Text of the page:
“This jacket is Bob Mackie – he designed the Marilyn Monroe dress that Kim Kardashian wore to the Met Gala. My grandmother wore it on ‘Soul Train’.”

Photo: Jack Castro


Photo: Jack Castro


“Someone on Twitter linked the price of his pieces, and I was like, ‘Holy shit.’ “I have to be a little more careful. But I feel like it’s disrespectful to the creator if I never let the pieces show. They are made to be worn.”

Photo: Jack Castro

The world was not lost on the impact of the Johnsons, and it was their legacy that gave way to Galli’s newfound stardom surrounding her grandmother’s wardrobe. “I first went to Chicago to photograph my grandfather for a play in the New York Times focused on my family, but nothing to do with my grandmother’s clothes,” she says. “He mentioned that he was considering donating my grandmother’s clothes to The Real Real, and that I would have to bring empty suitcases the next time I came if I wanted none of that. I want it, she did it. On her next visit, Galli arrived armed with five large suitcases and sent five more boxes home to save them from their impending second-hand e-commerce doom.


“I wore this to Primo’s. There was a girl there who actually wore the cardigan version from that night, so we matched. It was really cool to see how we styled them differently.

Photo: Jack Castro


Photo: Jack Castro

I suddenly realize that Galli has a mother and a sister who are, from what I can tell, equally invested in fashion and style – did she need to distribute the wealth when it comes to her grand- mother ? “What interests my sister the most is jewelry. She has a Cartier love bracelet from my grandmother, and my grandmother was the only one who had the padlock on it. She doesn’t even know where it is now. Her mother is more of an accessory girl herself. Before he died, his grandmother passed on some of his most precious stones. “Before my grandmother got really sick, she gave my mother a jewelry bag full of beautiful pieces. She said she wanted to make sure my mom got them,” Galli recalled. “And that’s when my mom knew her time was coming to an end.

While the majority of Galli’s grandmother’s accessories have gone to the other stylish women in the Johnson family, Galli stood out with a few statement pieces that know how to make a statement. see. My favorite is a handmade turquoise necklace (see below) her grandmother picked up on a trip to Arizona.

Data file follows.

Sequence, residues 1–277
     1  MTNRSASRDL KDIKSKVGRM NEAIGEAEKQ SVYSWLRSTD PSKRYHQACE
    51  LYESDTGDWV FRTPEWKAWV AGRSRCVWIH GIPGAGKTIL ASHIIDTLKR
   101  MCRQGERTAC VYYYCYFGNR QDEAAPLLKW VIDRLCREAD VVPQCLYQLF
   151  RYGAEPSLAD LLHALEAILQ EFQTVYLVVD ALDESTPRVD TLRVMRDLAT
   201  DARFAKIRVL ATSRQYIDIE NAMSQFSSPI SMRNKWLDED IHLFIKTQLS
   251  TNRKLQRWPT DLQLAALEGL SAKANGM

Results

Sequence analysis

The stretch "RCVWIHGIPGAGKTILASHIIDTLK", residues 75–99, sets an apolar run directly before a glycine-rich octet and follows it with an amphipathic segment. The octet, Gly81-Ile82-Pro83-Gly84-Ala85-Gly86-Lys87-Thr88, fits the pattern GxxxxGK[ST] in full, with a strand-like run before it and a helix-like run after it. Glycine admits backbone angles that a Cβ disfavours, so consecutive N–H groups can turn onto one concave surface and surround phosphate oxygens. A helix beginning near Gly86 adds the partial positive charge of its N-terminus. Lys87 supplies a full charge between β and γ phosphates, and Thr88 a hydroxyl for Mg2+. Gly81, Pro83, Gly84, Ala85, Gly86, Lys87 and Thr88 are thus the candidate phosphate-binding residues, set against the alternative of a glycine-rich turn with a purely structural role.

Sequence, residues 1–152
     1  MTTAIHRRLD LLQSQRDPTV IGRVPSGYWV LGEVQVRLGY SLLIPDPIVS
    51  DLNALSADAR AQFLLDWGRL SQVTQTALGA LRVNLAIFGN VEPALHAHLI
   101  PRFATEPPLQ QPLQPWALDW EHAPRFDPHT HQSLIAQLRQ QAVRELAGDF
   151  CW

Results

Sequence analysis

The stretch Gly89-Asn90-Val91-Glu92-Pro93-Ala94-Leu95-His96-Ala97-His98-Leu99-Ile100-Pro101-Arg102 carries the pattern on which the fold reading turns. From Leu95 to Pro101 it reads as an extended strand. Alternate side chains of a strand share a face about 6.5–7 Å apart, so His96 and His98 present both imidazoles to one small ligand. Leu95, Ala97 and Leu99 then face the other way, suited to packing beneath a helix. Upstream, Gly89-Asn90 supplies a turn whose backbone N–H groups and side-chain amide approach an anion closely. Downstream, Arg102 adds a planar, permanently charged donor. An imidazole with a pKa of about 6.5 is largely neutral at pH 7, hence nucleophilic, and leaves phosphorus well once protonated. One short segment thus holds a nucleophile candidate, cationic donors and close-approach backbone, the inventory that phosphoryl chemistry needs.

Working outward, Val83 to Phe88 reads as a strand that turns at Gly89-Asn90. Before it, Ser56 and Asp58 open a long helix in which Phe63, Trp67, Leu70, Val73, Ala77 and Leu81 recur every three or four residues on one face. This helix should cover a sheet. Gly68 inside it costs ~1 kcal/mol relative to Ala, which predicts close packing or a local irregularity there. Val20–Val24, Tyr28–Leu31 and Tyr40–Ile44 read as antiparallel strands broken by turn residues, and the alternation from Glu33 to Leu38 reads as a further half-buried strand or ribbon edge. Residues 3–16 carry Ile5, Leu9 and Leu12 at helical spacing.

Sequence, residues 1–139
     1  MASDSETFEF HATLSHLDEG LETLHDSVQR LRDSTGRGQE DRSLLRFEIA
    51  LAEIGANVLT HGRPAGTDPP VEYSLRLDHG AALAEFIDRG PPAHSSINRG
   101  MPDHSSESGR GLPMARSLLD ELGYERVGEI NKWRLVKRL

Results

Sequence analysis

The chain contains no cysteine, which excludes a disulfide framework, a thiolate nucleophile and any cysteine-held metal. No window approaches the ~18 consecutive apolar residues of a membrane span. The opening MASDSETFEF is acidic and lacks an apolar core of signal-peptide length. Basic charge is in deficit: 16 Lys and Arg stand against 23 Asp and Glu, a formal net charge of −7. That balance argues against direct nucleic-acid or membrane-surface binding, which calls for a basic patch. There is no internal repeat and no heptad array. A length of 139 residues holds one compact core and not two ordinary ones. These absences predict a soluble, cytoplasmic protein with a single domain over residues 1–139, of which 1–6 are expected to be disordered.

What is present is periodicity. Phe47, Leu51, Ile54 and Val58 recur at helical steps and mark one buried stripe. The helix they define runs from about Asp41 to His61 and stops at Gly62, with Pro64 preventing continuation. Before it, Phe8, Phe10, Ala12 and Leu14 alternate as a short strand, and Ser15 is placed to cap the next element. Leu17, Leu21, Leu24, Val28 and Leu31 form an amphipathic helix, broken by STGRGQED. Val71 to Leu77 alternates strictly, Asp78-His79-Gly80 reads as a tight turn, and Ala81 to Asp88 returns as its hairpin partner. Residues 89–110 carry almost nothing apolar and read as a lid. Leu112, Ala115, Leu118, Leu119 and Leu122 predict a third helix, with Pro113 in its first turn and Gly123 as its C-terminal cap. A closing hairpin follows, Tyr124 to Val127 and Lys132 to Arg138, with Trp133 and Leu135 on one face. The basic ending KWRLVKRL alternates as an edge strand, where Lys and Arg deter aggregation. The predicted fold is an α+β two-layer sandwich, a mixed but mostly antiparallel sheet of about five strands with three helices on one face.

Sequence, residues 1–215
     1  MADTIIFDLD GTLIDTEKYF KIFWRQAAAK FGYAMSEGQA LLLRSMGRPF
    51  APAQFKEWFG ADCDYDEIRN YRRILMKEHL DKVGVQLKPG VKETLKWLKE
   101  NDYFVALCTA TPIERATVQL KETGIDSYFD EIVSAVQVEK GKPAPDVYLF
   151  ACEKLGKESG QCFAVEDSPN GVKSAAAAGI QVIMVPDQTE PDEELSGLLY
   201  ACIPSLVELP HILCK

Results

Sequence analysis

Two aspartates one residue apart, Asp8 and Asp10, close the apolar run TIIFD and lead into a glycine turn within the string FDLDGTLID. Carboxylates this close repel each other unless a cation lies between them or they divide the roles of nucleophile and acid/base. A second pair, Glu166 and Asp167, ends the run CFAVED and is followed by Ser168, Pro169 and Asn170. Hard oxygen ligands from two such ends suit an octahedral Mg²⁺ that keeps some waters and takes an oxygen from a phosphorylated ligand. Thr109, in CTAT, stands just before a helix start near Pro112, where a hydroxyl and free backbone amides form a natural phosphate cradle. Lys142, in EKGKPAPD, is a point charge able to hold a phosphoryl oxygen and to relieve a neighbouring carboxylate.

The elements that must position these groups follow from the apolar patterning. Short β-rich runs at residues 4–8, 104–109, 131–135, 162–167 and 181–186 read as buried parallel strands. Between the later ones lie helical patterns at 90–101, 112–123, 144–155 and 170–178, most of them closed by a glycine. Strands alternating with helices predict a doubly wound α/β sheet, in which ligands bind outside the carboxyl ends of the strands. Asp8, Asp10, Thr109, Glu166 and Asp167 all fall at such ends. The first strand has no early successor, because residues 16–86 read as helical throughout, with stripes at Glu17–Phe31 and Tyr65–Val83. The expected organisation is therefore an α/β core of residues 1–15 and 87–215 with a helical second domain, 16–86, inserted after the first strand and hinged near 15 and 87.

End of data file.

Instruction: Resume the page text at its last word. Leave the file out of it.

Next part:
Photo: Jack Castro


“My grandmother would always go to Native American flea markets and try to support [them] as much as possible. I believe it was one of the pieces she collected. We are part Native American and she wanted to give back in any way she could.

Photo: Jack Castro


Photo: Jack Castro

Accessories aside, for Galli to fit seamlessly into these couture pieces would require some sort of miracle. Did she need to change anything? “I had some Dolce & Gabbana pants cut once, and the seamstress completely missed it. I was really hesitant to get anything else custom made. These jeans are supposed to be high waisted, but I just had to wear them size bass. It works.” Not only does Galli make each of these pieces work for her own body and sense of style, but she breathes new life and stories into them in the process. She wears a scorching vintage YSL mini so well that it’s hard to believe she’s not currently waiting on the rack for buyers as we speak.


Galli with one of the boxes she unpacked full of her grandmother’s sewing.

Photo: Jack Castro


“We have a house in Montego Bay, and my grandmother had this necklace there. The dress is YSL, and I danced salsa with it in Colombia.”

Photo: Jack Castro

While some might argue that Galli found viral success living in someone else’s wardrobe, there’s no denying that she found a way to make each of these looks distinctly her own. . Her grandmother’s legacy is present in every piece, but it’s Galli who brings them to life, honoring her grandmother in an incredibly meaningful and beautiful way.